It was the best of times. It was the worst of times.
The year was 1994. There were only about thirty million people on the Internet then. Most of those people were accessing it via Internet Service Providers like CompuServe and Prodigy. While many of those services ran advertising, they were private, so our industry considers HotWired (which was the Web version of Wired Magazine) as the first commercial media property to run a true banner ad. The message on that first banner ad was: "Have you ever clicked your mouse right here?" I was around then. I was active on the Internet, and I was involved in the very early days of banner advertising and search engine marketing (long before Google even existed). What got me so excited about digital advertising? It was the ability to put advertising only on sites that were relevant. It was the ability to truly make that ad interactive, and allow consumers (that were interested in it) to actually do something. To take action. It allowed those that weren’t interested, to simply keep on going. Most importantly, it was about the data and information. Up until that point, even traditional advertising offered certain levels of targeting, but the ability to know how many people saw the ad, how many people clicked on it, what they did next and beyond was staggering. It was still nascent and web analytics looked nothing like they do today, but it was the promise of it all that was so inspiring to a marketing nerd like me. With that, you could change creative on the fly, run multivariate testing fairly easily, and you could even stop a campaign within minutes. We take it for granted, but that was never even a possibility with traditional media.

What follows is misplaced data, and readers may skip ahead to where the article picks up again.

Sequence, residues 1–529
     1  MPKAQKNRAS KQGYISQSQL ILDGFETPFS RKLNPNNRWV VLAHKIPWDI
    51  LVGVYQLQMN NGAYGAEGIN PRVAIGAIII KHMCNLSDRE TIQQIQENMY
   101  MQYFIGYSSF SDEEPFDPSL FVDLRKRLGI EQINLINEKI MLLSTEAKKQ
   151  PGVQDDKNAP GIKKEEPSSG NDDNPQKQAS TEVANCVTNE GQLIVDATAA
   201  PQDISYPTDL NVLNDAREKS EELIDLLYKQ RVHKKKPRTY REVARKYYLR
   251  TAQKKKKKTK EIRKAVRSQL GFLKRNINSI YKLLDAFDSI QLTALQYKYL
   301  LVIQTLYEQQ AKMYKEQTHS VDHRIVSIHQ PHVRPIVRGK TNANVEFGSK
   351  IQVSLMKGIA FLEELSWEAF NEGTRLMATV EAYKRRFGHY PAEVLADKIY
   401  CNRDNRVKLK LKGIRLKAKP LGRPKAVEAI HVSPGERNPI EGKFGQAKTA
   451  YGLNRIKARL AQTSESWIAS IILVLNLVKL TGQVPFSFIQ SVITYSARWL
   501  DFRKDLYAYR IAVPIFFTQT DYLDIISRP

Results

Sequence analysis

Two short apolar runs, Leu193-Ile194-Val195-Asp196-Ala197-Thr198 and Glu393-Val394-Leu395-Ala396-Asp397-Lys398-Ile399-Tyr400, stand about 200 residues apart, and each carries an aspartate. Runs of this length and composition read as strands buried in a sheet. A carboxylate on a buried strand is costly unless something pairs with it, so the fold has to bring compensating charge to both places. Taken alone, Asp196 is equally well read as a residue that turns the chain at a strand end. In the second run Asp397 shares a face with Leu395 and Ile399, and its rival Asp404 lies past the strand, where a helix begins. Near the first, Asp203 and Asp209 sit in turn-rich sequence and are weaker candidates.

So, how did things go so wrong?